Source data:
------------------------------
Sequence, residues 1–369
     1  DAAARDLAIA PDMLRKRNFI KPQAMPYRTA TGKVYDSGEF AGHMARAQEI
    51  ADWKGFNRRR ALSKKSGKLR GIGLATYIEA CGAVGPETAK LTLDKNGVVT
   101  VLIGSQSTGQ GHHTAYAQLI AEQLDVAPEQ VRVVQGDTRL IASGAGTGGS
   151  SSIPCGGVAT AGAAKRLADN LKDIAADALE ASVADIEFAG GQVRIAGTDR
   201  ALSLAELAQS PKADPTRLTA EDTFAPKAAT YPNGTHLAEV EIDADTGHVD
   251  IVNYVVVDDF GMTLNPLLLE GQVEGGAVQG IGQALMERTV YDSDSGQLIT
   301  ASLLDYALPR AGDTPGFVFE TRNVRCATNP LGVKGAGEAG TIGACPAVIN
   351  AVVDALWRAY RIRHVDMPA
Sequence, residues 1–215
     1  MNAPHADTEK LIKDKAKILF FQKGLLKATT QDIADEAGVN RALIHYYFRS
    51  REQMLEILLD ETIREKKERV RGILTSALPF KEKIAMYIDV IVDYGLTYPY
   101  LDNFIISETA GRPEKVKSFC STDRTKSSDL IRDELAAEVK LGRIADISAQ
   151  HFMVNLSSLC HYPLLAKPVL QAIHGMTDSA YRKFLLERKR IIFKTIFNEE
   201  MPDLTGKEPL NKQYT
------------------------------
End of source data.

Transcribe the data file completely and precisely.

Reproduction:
Sequence, residues 1–369
     1  DAAARDLAIA PDMLRKRNFI KPQAMPYRTA TGKVYDSGEF AGHMARAQEI
    51  ADWKGFNRRR ALSKKSGKLR GIGLATYIEA CGAVGPETAK LTLDKNGVVT
   101  VLIGSQSTGQ GHHTAYAQLI AEQLDVAPEQ VRVVQGDTRL IASGAGTGGS
   151  SSIPCGGVAT AGAAKRLADN LKDIAADALE ASVADIEFAG GQVRIAGTDR
   201  ALSLAELAQS PKADPTRLTA EDTFAPKAAT YPNGTHLAEV EIDADTGHVD
   251  IVNYVVVDDF GMTLNPLLLE GQVEGGAVQG IGQALMERTV YDSDSGQLIT
   301  ASLLDYALPR AGDTPGFVFE TRNVRCATNP LGVKGAGEAG TIGACPAVIN
   351  AVVDALWRAY RIRHVDMPA
Sequence, residues 1–215
     1  MNAPHADTEK LIKDKAKILF FQKGLLKATT QDIADEAGVN RALIHYYFRS
    51  REQMLEILLD ETIREKKERV RGILTSALPF KEKIAMYIDV IVDYGLTYPY
   101  LDNFIISETA GRPEKVKSFC STDRTKSSDL IRDELAAEVK LGRIADISAQ
   151  HFMVNLSSLC HYPLLAKPVL QAIHGMTDSA YRKFLLERKR IIFKTIFNEE
   201  MPDLTGKEPL NKQYT